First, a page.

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3. Broccoli

Broccoli and other cruciferous vegetables, including cauliflower, Brussels sprouts and cabbage, are an essential part of the anti-anxiety diet, Naidoo said. They are rich in sulforaphane, a powerful phytochemical that she said “helps with the inflammation that we’re trying to fend off in the gut.”

Chopping broccoli before cooking helps maintain its levels of sulforaphane, she said. Let it sit for 30 to 60 minutes after chopping and then place it in the fridge. If you’re making broccoli for dinner, she said, “cut it and clean it in the morning and leave it in a clean baggie in the fridge until you’re using it.”

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4. Avocados

Avocados are rich in fiber, potassium, vitamin E and magnesium. Low intake of magnesium has been linked to depression, and there is some research indicating that magnesium can improve anxiety symptoms, though the evidence isn’t strong.

“Even though results are somewhat mixed, given magnesium’s significance in so many anxiety-adjacent conditions, I strongly recommend ensuring that you eat enough magnesium-rich foods,” Naidoo writes in her book.

She recommends eating a quarter or half piece of a small avocado a few times a week. That can be in the form of guacamole, sliced avocado with scrambled eggs or avocado toast on sourdough bread. “It’s a powerhouse food because it’s giving you so much for a small quantity that you need to eat and so many different micro- and macronutrients,” Naidoo said.

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5. Green tea

Drinking green tea during the day can provide a calming effect, Naidoo said. There’s a scientific reason, and it goes beyond the fact that sipping on a hot drink feels instantly relaxing.

“Green tea has these two antioxidants that are very powerful: EGCG [epigallocatechin gallate] and L-theanine,” Naidoo said. In a randomized, placebo-controlled trial, researchers in Japan found that L-theanine supplements reduced stress-related symptoms such as depression and anxiety.

Because green tea also contains caffeine, which can lead to an increase in anxiety when consumed in high amounts, Naidoo said that keeping caffeine consumption to under 400 milligrams a day is tolerable for people who have anxiety. An eight-ounce cup of green tea contains around 30 to 50 mg, so it’s unlikely you’ll pass that threshold unless you’re drinking other caffeinated beverages.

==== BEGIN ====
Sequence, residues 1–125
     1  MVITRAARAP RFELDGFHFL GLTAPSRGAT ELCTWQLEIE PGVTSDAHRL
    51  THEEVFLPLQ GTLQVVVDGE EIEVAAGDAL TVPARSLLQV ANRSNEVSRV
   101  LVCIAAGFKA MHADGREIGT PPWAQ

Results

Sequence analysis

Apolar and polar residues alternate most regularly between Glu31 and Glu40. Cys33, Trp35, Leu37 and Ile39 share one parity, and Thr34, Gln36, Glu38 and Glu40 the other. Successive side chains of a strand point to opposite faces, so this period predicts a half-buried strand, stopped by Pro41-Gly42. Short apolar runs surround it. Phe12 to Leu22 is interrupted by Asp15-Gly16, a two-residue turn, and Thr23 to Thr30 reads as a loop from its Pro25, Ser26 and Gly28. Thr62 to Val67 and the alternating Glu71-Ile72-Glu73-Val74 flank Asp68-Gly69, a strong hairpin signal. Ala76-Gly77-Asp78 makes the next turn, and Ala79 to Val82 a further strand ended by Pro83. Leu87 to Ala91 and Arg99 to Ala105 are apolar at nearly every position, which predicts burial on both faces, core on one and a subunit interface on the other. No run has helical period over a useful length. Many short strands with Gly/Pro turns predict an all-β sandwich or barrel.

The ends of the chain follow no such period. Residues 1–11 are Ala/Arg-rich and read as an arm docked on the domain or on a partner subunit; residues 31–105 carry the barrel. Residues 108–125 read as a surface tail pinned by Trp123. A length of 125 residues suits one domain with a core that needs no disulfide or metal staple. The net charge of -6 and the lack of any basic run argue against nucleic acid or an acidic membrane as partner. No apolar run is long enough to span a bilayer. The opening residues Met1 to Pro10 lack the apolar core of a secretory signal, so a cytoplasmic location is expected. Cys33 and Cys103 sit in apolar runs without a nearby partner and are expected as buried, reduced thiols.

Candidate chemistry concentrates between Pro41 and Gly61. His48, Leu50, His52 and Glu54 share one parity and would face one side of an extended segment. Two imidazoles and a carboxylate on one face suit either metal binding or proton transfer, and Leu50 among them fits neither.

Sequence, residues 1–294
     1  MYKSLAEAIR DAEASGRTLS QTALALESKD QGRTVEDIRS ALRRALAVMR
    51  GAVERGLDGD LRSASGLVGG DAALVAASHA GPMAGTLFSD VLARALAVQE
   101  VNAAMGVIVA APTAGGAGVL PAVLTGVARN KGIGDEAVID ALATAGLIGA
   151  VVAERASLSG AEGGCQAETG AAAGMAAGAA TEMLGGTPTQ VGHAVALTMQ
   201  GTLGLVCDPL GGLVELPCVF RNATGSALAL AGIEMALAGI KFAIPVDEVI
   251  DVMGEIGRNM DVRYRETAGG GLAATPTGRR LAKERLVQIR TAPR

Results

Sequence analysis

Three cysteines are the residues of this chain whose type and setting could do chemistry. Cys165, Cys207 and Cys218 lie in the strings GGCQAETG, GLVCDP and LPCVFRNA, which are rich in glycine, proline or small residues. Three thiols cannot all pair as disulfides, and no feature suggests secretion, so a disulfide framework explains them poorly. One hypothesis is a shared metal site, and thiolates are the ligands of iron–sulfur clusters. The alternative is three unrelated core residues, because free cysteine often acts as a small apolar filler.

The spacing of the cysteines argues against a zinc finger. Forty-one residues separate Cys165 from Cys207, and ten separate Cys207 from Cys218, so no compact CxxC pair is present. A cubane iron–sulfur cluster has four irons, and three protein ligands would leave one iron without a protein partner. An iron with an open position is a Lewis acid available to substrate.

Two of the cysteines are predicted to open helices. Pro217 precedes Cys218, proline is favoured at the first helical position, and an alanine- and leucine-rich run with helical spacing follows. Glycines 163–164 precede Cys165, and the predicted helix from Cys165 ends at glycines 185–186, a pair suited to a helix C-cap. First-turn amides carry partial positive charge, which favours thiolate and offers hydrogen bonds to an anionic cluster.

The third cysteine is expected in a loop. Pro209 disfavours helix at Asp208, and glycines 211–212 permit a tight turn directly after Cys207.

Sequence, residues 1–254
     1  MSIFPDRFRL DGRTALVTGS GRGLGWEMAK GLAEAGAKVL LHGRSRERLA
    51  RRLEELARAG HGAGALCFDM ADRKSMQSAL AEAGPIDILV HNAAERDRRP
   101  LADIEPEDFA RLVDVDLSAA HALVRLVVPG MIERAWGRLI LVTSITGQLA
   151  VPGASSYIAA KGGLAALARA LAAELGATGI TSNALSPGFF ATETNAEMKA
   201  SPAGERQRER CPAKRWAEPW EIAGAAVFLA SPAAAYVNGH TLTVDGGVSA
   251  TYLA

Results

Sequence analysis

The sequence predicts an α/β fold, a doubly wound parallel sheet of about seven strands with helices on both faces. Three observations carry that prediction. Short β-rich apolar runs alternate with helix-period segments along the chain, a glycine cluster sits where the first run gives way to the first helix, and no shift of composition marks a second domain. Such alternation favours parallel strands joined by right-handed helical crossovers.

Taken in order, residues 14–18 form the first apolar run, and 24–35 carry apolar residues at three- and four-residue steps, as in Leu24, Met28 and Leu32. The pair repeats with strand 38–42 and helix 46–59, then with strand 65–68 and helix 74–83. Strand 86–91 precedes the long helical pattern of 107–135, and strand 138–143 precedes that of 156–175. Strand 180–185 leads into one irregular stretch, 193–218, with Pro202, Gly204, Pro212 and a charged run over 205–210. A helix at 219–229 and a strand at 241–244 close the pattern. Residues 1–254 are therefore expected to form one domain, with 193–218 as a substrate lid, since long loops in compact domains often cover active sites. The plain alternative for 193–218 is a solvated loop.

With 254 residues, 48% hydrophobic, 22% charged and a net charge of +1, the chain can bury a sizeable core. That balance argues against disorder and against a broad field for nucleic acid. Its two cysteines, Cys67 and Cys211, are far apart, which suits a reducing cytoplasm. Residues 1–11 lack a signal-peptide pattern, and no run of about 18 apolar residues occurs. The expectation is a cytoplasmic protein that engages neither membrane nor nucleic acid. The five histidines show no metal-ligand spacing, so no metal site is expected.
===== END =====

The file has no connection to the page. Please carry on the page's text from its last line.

“Don’t drink it too late, because if it starts to impact sleep, that’s a problem, too,” Naidoo said.

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6. Chia seeds or flaxseeds

Fatty fish, chia seeds, flaxseeds and walnuts are great sources of omega-3s, which are essential for brain health and development.

Though supplements containing omega-3s are popular, recent research suggests marketers have overstated the cardiovascular benefits. In many studies, Naidoo writes, dietary sources of omega-3s had better results.

For those who eat fish, Naidoo recommends incorporating salmon into their diet. For those who follow a plant-based diet, she suggests eating ¼ cup of seeds daily. Try adding a tablespoon of chia seeds and flaxseeds to salads and smoothies or stirring them into oatmeal.

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7. Beans and lentils

Beans and lentils – which are types of legumes – are a great source of fiber, Naidoo said, and those are hugely important for gut health. A 2021 cross-sectional study suggests that high-fiber diets are correlated with lower levels of anxiety.

“Fiber is your friend because these foods are more complex carbohydrates, they break down very slowly in your body,” Naidoo said. “They don’t spike your insulin. They don’t spike your blood sugar.”

The nutritional differences between canned beans and dried beans are minor, she said. Buy whichever is best for you – dried beans are more cost effective – and add them to stews, soups, salads and spreads.